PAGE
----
Social Investment Tax Relief (SITR)
Tax Relief for individuals who invest in qualifying third sector organisations can offset 30% of that investment against tax bill.
To be a qualified organisation, an organisation must be:
• A social enterprise- that means a community interest company, a community benefit society or a charity. A charity can have the legal form of either a company or a trust
• Be defined and regulated for social purpose and carrying out a qualifying trade
• Have fewer than 500 employees
• Have gross assets worth less than £15m.
A social enterprise can receive up to £290k over 3 years. This is because the SITR is subject to EC State Aid rules. SITR limit is £275k (€344,827) over 3 years. In addition, investments must exclude any de-minimis aid already received by social enterprises – and within a three year rolling programme
SITR is not available for investment in wholly owned subsidiaries of eligible organisations. However, investment funds may be used for the purposes of a trading activity carried on by a qualifying social subsidiary which is itself a CIC, Bencom or charity;
Investments must be in the form of newly issued shares – in the case of a Company Limited by Shares; or new qualifying debt investments – in the case of a Company Limited by Guarantee.
There must be no arrangement at the time of the investment for either the cessation of the social enterprise trading activities or disposal of a substantial amount of assets.
The investor can invest £1m a year across a number of social enterprises.
During the period of 1 yr before and 3 yrs of the investment, the investor must not own more than 30% of the social enterprises –
* voting rights
* loan capital
* share capital in the case of Company Limited by Shares
• Must be in the form of a debenture: – a medium-to-long-term debt option used to borrow money, at a fixed rate of interest
• Must not carry any charge over assets:- cannot be secured against the assets of the organisation
• Must not offer more than a commercial rate of return.
• Must be subordinate to all other debts held by the social enterprise: and cannot be senior debt.
Example of how SITR works-
Mrs A has an Income tax bill is £75k. She invests £150k in an SE. Her tax relief is 30% of the £150k = £50k. That is deducted from her tax bill, so her adjusted Income tax bill is £75k-£50k = £25k.
In addition Mrs A will not pay any Capital Gains Tax if the investment in the SE is held for 3 years.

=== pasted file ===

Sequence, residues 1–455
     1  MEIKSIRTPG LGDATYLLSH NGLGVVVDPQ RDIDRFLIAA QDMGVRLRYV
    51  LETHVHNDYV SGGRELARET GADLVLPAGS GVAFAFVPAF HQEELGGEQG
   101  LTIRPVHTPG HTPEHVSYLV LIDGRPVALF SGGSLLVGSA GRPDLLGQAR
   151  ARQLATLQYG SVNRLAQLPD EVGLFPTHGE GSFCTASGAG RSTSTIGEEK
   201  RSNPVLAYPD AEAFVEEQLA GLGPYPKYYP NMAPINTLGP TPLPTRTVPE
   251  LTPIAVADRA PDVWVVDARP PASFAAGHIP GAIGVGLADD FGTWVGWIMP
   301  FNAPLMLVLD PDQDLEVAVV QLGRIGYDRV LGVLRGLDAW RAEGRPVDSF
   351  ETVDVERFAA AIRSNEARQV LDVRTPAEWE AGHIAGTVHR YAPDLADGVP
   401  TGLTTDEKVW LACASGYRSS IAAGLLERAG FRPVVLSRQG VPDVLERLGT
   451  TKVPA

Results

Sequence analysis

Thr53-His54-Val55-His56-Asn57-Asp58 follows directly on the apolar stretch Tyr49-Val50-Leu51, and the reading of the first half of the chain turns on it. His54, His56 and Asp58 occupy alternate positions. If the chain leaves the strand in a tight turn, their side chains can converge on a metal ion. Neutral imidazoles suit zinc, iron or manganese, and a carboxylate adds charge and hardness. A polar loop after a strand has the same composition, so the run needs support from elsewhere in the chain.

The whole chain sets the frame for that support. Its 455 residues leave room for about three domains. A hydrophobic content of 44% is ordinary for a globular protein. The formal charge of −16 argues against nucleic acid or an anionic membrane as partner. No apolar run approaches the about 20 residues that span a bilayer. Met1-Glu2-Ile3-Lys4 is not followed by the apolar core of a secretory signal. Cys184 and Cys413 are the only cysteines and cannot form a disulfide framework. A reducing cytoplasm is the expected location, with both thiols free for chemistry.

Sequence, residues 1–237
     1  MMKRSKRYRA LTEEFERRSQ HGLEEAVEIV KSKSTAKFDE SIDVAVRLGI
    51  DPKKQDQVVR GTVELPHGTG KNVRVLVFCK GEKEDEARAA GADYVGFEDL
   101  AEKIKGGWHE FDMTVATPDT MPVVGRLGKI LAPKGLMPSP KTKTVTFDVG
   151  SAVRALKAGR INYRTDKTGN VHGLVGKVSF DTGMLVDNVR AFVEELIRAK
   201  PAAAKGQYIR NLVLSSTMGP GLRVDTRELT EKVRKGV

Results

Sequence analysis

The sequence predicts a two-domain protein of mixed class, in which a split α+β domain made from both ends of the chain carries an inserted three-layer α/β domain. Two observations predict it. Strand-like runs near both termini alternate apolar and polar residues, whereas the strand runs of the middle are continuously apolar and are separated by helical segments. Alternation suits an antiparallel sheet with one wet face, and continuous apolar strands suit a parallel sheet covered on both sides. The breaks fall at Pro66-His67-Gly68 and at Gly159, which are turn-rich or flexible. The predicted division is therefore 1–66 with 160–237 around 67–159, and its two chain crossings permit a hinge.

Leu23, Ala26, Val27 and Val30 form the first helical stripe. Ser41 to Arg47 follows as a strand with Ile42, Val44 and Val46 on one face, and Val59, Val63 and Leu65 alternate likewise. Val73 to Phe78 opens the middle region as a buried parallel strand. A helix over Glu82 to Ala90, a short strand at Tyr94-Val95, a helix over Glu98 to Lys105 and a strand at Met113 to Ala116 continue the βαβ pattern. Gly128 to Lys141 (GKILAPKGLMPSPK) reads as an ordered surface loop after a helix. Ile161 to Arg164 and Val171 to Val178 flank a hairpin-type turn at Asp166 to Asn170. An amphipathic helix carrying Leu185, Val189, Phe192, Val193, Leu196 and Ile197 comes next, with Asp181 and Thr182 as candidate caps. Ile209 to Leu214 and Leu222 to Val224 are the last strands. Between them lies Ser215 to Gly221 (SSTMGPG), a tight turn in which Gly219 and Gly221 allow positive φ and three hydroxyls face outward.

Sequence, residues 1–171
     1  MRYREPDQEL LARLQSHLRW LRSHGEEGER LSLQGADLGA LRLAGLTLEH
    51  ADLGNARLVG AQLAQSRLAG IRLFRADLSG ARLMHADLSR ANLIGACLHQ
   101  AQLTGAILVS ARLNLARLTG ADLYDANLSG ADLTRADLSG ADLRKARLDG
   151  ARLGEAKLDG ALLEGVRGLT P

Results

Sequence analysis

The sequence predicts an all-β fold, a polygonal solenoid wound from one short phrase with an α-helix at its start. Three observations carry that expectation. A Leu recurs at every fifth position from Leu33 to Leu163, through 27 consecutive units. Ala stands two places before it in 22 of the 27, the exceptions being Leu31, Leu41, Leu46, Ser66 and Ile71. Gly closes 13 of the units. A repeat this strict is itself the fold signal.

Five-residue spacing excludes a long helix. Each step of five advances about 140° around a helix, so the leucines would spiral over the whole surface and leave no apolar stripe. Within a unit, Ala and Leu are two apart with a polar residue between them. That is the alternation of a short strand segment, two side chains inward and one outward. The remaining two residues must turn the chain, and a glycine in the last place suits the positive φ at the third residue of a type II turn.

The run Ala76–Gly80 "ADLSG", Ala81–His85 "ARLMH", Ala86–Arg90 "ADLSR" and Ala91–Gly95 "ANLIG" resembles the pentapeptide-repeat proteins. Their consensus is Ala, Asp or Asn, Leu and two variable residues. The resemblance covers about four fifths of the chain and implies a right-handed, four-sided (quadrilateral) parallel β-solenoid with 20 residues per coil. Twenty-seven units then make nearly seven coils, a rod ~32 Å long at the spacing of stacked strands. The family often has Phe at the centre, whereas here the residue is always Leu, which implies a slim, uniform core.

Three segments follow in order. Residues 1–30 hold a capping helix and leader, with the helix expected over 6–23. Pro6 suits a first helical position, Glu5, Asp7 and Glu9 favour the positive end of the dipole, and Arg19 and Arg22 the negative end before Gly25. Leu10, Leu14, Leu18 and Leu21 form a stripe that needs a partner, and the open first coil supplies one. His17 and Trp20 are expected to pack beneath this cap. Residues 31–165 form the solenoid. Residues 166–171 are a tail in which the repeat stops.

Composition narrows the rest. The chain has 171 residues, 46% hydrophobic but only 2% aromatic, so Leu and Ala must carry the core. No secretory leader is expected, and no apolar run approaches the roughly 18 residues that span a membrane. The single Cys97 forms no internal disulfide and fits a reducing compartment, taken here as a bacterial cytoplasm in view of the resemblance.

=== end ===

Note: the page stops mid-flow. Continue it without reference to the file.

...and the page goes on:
SITR Consultation (Deadline 18th September 2014)
Enlarging the existing Scheme
Broadly, there are 3 proposals:
1. Extend the scheme by allowing investors to invest via an Indirect Investment Scheme which is a separate legal entity like a Venture Capital Trust (VCT)
2. Extend the scheme by raising the limit of investment currently hindered by State Aid rules – as such HM Treasury will seek an exemption from the State Aid rules for SITR.
3. Extend the range of eligible activities to include community farms/ community energy
NB: Crowdfunding – an increasing popular means of investment – will qualify for SITR.
1. Under the Current Scheme – it is only individuals that can invest. We believe that this can be a good thing – as an individual investor can have a direct relationship with a social enterprise and the investor can develop a positive and supportive role to the specified organisation.
If the Consultation proposals go ahead, an investor will be able to invest via an intermediary vehicle – i.e. a VCT(see above) or another type of third party Fund Managed structure. The direct relationship between investor and the social enterprise will then be automatically fractured and mediated by the intermediary – diminishing the chances of a positive engagement between the SE and the Investor.
NB: HMRC is also asking if it is desirable in principle to allow hybrid VCTs, including both social and commercial investments?
2. Presently, the total amount invested into any one social enterprise under Current Scheme is restricted by State Aid rules with the maximum investment being set at £275k over 3 years. In addition, any existing de minimis monies must be deducted from the overall investment. The new proposals involve the potential threshold figure of £5million being mentioned as the upper limit. Our understanding is that HMRC is clearly not convinced that such a large figure is required and is looking for evidence that such a sum threshold is needed.
There is a legitimate concern that as you raise the ‘cap’ on potential investment levels, the chances of speculative behaviour by investors inevitably increases. This particularly could be the case where the investment is carried out/overseen by an intermediary vehicle.
In short, both the first and second proposals could well see an increase in the potential of speculative investment in social enterprises by increasing the limit that can be invested and by removing the direct link between the investor and the social enterprise.
Senscot – September 2014